However Graham’s script also contained such truly awful lines as “who are the real monsters?” and “It will destroy them all”. And whilst you can see the idea behind the development of the Gangers far more clearly after a second viewing, it doesn’t always come off, with stereotypical northern Buzzer not convincing at all as he moans “I should have been a postman like me dad”. Then there’s the terrible acting, which I touched upon last week, even more noticeable this time. Cleaves and Jennifer in particular are woefully portrayed.

So despite a lot of potential, with intelligent moral dilemmas and frightening psychological horror, this double bill never really grabbed my attention completely. Until the climax that is. With the rather random and forced CGI monster out of the way and the ridiculous farewell hugs when the beast was supposedly breaking down the door, the Doctor becomes grave and ushers Amy and Rory into the TARDIS. He had a reason for his visit to the factory with the flesh. Amy has not been with them for some time.

But how long? She must surely have been there for the Doctor’s death at the beginning of the series? Did the swap take place during an adventure we saw on screen or another in between time? It would seem a bit of a cop out if it just happened somewhere along the line and we’re not given a precise explanation as to when.

There are endless other questions, and knowing Moffat, the majority will be left unanswered. We are promised that next week’s A Good Man Goes to War will see the unveiling of River Song’s true identity though. And the trailer shows us that the Cybermen are back, but once again, knowing Moffat, they’re unlikely to be the real masterminds behind it all. Who impregnated Amy? Was the Timelord child from the opening two parter hers? The Doctor shouts something about not using a baby as a weapon in the trailer, to mysterious eye patch midwife Madame Kovarian, so how exactly does she do that?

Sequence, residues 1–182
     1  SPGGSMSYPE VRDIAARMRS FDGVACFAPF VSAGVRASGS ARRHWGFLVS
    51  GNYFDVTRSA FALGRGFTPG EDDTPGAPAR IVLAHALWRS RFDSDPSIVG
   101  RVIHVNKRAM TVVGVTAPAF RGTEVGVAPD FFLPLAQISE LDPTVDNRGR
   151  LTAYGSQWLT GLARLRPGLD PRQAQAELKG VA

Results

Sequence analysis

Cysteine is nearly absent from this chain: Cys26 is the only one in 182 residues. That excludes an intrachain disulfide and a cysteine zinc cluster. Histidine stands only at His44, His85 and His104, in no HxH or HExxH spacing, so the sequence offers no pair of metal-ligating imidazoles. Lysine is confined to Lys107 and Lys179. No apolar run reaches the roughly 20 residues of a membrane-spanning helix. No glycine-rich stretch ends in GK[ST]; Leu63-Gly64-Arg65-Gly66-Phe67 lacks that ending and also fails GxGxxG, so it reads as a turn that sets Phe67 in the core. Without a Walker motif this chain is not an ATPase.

After this disappointing pair of episodes following the superb The Doctor’s Wife by Neil Gaiman, doubts resurface, for me at least, about trying to do too much with the story arc. In overlaying so many secrets, which are often tagged onto the ends of episodes, Moffat risks devaluing the standalone stories and turning the increasingly strained relationships within the TARDIS into soap opera. I’m sure that A Good Man Goes to War will be an improvement on The Almost People, if only in terms of the quality of the dialogue. But hopefully, with some real answers, Doctor Who will also begin to get back to just telling damn good stories every week too.

Doctor Who: Series 6: Episode 5 – The Rebel Flesh


I am rather late with my thoughts on the latest episode. This is because in a lot of ways I thought The Rebel Flesh was scarcely worth commenting on. Not because it was bad but because it was mostly a setup for next week’s The Almost People. My suppressed OCD instincts could never allow me to skip an episode though. Judging by the build up to next week, it would seem that we’ll get some fairly substantial answers to aspects of the story arc, as well as a dramatic conclusion to the story established here.